Manage episode 210871183 series 2372275
Pamela Wilson just launched a book — Master Content Marketing — and a podcast played a key role in the project from idea inception to launch. She dishes on the details in this episode of The Showrunner.
In this lesson, Pamela describes how she:
- “Showed her work” every step of the way with ZeroToBook.FM
- Developed a community around the show, which informed the production of her book
- Is considering using the audio asset once it’s complete
You’ll learn a lot from this episode, even if you’re not planning to write a book.
Listen, learn, enjoy …
Listen to The Showrunner below ...
What Could Happen if You Launch a Podcast in the Next 30 Days?
The Beginner s Guide to Launching a Remarkable Podcast is a simple, no-frills, 9-step plan to get your podcast off the ground..
Get Your Free 9-Step Beginner s Guide to Launching a Podcast Today!
The Show Notes
- This episode is brought to you by Acuity Scheduling.
- Master Content Marketing
- Zero to Book
- Follow Jerod on Twitter: @jerodmorris
- Follow Jonny on Twitter: @jonnastor
- Showrunner FM
No. 074 The Brilliant Strategy and Backstory Behind Zero to Book
Jerod Morris: This is Rainmaker.FM, the digital marketing podcast network. It’s built on the Rainmaker Platform, which empowers you to build your own digital marketing and sales platform. Start your free 14-day trial at RainmakerPlatform.com.
Welcome to The Showrunner, where we have one goal: teach you how to develop, launch, and run a remarkable show. Ready?
Welcome back to The Showrunner. This is episode No. 74. I’m your host, Jerod Morris, the VP of marketing for Rainmaker Digital, and I will be joined momentarily, as I always am, by my coffee-connoisseuring co-host, Jonny Nastor, the host of Hack the Entrepreneur, as well as by a special guest that we have with us on this week’s episode of The Showrunner.
This episode is brought to you by Acuity Scheduling. Acuity Scheduling makes scheduling meetings online easy. Clients can view your real-time availability, self-book appointments with you, fill out forms, and even pay you online. To learn more and get a 45-day free trial, visit AcuityScheduling.com/Showrunner.
Mr. Nastor, how are you?
Jonny Nastor: I’m doing excellent.
Jerod Morris: Good.
Jonny Nastor: I’m drinking tea. I feel like I don’t want to tell you that as a coffee-connoisseuring co-host.
Jerod Morris: Didn’t you look at the notes before we started to know what kind of beverage would be appropriate for this episode?
Jonny Nastor: I haven’t had tea in a week, and right now, I decided to have tea. I really should have read the notes first, Jerod.
Jerod Morris: Yeah. You should have. All right. We’ll have to incorporate your new-found love of tea in next week’s introduction. We’ll do that.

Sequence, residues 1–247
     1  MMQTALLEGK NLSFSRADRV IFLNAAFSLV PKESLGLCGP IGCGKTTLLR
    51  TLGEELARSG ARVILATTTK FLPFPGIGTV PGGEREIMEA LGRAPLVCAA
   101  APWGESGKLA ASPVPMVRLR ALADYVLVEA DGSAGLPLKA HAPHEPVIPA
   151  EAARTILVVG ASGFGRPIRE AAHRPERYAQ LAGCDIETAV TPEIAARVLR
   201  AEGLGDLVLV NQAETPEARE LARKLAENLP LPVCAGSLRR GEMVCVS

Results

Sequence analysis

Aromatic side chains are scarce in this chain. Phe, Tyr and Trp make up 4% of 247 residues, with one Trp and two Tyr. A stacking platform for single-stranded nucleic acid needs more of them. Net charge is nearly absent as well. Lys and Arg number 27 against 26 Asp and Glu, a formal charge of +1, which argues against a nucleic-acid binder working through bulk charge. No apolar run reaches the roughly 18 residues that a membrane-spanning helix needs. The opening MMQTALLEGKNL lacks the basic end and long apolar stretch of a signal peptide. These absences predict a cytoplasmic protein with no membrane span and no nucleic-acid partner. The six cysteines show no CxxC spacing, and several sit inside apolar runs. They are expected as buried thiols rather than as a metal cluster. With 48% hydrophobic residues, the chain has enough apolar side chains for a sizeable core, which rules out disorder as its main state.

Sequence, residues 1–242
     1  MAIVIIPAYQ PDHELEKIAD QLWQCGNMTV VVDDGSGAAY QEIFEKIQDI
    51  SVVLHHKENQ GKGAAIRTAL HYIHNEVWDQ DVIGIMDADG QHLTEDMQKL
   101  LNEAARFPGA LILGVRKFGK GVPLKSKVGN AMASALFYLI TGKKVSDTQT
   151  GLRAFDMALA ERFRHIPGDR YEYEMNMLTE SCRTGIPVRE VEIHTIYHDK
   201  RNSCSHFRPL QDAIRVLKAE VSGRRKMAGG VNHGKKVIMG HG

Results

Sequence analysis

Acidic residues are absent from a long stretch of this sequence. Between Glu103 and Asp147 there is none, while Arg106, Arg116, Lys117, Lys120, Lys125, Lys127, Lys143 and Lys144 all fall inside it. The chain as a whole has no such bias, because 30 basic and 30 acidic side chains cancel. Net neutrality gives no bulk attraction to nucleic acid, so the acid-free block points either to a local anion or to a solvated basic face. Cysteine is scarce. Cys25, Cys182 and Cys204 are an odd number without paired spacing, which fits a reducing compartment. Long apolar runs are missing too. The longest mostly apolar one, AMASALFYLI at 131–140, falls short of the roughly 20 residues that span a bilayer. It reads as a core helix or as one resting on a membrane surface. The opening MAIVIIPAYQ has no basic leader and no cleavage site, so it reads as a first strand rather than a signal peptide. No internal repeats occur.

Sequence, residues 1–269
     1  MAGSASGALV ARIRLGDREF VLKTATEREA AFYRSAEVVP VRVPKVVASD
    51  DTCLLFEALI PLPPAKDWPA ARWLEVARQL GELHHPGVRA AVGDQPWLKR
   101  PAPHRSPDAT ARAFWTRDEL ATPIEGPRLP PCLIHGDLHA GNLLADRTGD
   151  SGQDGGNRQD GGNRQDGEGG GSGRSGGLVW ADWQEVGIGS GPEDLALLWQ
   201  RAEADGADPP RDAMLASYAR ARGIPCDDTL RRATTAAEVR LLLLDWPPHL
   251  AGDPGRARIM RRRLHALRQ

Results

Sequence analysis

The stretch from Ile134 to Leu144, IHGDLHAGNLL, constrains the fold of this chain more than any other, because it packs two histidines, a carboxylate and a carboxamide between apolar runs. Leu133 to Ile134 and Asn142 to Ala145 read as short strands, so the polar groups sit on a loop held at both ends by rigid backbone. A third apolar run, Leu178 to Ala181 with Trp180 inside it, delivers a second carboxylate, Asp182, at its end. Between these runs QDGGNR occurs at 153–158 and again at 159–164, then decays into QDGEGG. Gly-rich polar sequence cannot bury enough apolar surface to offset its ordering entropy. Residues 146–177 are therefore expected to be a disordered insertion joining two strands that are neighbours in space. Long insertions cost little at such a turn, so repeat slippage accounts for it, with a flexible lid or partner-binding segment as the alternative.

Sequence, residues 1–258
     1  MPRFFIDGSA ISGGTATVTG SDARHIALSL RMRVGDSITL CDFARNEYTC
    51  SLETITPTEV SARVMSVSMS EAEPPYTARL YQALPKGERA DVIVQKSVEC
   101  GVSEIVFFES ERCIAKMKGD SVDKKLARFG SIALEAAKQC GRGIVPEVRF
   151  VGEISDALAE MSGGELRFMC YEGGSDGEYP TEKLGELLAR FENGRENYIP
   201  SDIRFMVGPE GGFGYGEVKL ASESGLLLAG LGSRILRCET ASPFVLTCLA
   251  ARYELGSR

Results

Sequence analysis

Jonny, we’re both very excited for this episode. We’re doing a little bit something different. Obviously, most of these episodes of The Showrunner are us on here, talking and sharing our experiences, but today, we’re bringing in a guest, one who has a very interesting story to share with us. It deals with the production of a book. We’ve talked about producing books before. Obviously, I produced one with The Assembly Call. You produced one with Hack the Entrepreneur.
A little bit different strategies there, but in this episode, we’re going to get a completely different perspective than that one. That is from Pamela Wilson, who has a new book coming out. It’s called Master Content Marketing, which you can find out more information about at MasterContentMarketing.com. A podcast played a really unique role in this book’s development, and as I said, a different, unique role from the ones that we have talked about before. That’s why we’re really excited to have her on here to share her story and lend this perspective.
Pamela, welcome to The Showrunner. It’s great to have you.
Pamela Wilson: Thank you so much for inviting me. I cannot wait to share how this podcast ended up being this really integral part of the whole book promotion process and the production process, really. It turned into something way more interesting than what I would have predicted.
Jerod Morris: Yeah. We’re excited to dive into that. That will be the main topic of this week’s episode. Jonny, Pamela, are you ready to dive in?
Jonny Nastor: I’m ready.
Pamela Wilson: Let’s do it.
Jerod Morris: All right. Let’s do it.
Pamela, I guess to start, just share the story with us. Tell us how the idea of Zero to Book came about. Zero to Book is the podcast that went along with the launch of this book, Master Content Marketing. How did that come about, and what were you hoping to accomplish?
How Pamela “Showed Her Work” Every Step of the Way with ZeroToBook.FM
Pamela Wilson: I had wanted to write a book for a long time, and it came to a head last fall. I was on a short personal trip to New York City, and I took part of that trip to put together a book proposal. Somebody had given me her agent’s name. I went through and put together a full book proposal, which forces you to think through exactly what you want to do with the book, so it’s this multi-page document. I was on my way back to Nashville. I was actually in the Newark Airport about to go through security.
I’m like, “You know what? I’m just going to send this out to her because I think it’s finished, and it may take her a few days to get back to me. I’ll just send it out now, and then I’ll do my trip. Maybe in a couple of days, I’ll hear from her.” I send this off, and I closed my laptop, stick it in my backpack, and go through security. By the time I got out to my gate, she was asking if we could have a quick phone call.
Jerod Morris: Wow.
Pamela Wilson: I know. I was like, “Well, sure.” So she gets on the phone, and she made me an offer. She wanted to represent me. That was when I realized, “Oh, maybe I’ve actually got something here,” but I’d never written a book before. I had no clue what I was doing, so I started reaching out to people. In the process of talking to different people, I made the decision to self-publish — which I think was the best way to go with this book — but self-publishing means that there are that many more things that you have to figure out for yourself.